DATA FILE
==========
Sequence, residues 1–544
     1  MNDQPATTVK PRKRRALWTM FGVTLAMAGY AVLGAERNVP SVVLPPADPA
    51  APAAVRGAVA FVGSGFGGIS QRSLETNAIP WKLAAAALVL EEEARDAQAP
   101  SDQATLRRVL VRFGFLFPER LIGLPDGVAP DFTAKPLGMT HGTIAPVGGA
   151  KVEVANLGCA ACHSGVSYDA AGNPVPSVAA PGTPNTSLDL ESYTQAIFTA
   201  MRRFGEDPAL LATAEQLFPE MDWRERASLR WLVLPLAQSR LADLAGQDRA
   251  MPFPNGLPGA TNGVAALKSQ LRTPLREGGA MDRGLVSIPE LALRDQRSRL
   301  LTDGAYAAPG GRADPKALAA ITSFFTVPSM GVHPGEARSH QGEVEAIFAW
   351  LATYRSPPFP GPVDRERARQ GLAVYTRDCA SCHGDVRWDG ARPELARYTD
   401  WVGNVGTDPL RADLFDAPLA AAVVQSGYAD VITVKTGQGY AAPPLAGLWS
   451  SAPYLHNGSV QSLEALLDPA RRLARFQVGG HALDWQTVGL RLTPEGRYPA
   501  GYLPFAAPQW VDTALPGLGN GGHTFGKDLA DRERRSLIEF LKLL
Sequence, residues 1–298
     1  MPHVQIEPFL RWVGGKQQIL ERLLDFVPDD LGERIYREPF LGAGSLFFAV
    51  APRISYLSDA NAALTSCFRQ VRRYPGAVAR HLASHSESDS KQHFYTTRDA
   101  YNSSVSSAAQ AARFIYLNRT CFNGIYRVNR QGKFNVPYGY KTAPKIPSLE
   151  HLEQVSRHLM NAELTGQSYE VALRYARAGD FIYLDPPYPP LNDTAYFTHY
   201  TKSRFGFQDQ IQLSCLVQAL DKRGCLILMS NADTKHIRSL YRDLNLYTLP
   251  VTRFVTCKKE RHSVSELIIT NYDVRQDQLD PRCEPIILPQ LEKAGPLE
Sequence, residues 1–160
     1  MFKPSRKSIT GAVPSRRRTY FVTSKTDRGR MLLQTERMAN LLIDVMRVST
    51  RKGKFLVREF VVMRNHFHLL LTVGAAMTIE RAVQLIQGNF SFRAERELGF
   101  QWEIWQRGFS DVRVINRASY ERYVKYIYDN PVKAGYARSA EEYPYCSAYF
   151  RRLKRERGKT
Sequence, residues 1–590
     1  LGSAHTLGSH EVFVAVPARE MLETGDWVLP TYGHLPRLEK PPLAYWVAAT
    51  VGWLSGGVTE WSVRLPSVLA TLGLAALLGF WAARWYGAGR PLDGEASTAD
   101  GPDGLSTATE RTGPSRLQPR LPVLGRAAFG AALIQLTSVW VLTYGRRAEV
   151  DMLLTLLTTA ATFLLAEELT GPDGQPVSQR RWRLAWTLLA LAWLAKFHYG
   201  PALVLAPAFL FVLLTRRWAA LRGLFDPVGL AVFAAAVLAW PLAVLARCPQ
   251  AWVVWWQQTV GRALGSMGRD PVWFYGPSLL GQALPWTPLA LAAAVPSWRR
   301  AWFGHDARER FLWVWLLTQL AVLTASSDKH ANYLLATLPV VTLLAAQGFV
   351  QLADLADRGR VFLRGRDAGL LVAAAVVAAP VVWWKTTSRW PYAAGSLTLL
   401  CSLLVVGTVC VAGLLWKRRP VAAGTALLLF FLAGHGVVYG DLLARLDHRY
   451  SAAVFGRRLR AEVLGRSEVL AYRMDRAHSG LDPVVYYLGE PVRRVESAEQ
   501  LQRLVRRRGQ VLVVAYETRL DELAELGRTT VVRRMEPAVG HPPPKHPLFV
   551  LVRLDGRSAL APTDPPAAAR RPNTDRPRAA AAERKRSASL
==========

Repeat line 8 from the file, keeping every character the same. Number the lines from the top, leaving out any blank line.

   301  LTDGAYAAPG GRADPKALAA ITSFFTVPSM GVHPGEARSH QGEVEAIFAW